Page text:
Bradley Beal may have had a slow start in the three-point contest on Saturday night, but in Sunday's All-Star Game he worked quickly to make the most of his relatively small window of playing time.

Beal checked in for the first time with 5:45 left in the first quarter and less than 25 seconds later had his first points on a two-handed dunk assisted by LeBron James.

In his All-Star debut, Beal helped lead Team LeBron to a 148-145 victory over Team Stephen as the league utilizied a new format for the annual showcase.


Beal finished with 14 points and a steal in a productive night. He shot 5-for-10 from the field and an impressive 4-for-8 from long range.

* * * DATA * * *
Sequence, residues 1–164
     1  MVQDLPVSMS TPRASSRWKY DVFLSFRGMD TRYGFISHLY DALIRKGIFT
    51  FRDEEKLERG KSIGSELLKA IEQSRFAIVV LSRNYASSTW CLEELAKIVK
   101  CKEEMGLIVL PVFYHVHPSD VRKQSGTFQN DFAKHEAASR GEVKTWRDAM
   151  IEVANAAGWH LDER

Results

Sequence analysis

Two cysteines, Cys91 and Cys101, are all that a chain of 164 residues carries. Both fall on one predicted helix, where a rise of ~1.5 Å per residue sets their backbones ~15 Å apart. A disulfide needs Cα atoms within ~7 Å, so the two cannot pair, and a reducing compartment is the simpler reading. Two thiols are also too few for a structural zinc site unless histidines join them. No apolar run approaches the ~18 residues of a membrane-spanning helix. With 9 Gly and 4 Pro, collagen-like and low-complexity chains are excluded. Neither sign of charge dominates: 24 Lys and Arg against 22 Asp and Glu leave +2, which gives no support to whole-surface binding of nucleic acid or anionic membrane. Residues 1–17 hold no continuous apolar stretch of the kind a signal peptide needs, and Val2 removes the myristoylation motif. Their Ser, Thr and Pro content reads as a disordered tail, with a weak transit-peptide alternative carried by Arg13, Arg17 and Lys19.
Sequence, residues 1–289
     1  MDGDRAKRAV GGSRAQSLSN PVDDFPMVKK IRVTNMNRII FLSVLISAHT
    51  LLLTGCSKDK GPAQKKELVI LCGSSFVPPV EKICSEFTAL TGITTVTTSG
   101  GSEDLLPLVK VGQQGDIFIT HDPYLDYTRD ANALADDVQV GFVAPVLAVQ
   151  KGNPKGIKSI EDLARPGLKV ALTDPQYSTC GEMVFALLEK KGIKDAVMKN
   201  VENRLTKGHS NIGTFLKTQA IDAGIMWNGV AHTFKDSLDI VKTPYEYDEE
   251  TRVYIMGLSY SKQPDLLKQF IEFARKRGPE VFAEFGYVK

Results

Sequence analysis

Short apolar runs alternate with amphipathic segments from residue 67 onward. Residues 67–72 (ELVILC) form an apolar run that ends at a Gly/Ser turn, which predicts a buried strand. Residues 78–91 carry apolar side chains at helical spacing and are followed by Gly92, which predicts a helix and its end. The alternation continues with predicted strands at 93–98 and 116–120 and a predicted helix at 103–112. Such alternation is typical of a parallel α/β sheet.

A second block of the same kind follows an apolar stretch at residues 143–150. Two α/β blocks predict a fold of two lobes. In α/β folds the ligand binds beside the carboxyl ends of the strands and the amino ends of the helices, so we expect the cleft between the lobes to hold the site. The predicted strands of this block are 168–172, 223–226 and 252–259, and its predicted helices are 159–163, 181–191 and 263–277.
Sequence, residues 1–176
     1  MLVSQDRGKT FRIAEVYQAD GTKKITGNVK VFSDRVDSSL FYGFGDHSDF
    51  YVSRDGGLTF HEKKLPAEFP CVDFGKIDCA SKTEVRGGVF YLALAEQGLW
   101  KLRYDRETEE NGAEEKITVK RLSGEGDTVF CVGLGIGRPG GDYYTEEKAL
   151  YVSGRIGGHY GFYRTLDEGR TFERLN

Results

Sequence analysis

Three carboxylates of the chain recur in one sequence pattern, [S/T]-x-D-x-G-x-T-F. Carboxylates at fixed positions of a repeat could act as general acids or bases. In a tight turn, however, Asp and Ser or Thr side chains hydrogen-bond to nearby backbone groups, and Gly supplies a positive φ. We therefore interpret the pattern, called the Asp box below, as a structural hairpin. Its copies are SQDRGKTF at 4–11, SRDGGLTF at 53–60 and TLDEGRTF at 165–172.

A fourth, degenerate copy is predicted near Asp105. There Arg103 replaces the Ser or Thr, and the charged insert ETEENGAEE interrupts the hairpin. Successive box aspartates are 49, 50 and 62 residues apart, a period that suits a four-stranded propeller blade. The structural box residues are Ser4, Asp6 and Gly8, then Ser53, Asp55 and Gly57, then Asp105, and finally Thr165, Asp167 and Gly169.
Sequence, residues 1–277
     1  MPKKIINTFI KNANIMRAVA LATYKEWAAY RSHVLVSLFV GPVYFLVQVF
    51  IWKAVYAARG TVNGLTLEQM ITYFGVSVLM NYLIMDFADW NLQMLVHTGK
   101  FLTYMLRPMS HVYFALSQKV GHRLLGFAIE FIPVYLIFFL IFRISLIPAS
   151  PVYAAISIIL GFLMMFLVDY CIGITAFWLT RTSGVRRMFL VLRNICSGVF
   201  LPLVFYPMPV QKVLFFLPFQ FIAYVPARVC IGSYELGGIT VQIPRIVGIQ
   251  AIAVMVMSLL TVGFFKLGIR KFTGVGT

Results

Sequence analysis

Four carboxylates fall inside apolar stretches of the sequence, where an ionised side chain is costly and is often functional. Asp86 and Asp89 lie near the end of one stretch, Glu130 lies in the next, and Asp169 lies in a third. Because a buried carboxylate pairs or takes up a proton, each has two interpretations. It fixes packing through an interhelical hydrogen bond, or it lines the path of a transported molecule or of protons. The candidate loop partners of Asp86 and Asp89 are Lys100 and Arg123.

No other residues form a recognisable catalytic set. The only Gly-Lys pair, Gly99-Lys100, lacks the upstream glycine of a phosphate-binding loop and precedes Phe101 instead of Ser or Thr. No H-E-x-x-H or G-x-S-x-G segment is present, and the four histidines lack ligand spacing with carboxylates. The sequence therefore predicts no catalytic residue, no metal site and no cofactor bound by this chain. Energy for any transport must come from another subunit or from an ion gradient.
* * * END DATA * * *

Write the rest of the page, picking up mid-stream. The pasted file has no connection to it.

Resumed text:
Beal also tried to get a travelling call from the refs on Karl-Anthony Towns. Yeah, that's not likely to happen in an All-Star Game:

Beal more than held his own and only played 16 minutes, which was good considering he has logged the fifth-most minutes of any player so far this season. A realistic best-case scenario was a strong showing and a short night and that's exactly what he got.

Not only does Beal play a lot of minutes, the Wizards need him now more than ever with John Wall's injury. He needs whatever rest he can get during this All-Star break.

Speaking of Wall, he was in the house despite being in the middle of his rehab from left knee surgery. Per usual, Wall was shining bright:


The All-Star Game wasn't all about Beal, of course. Here are some other things that stood out...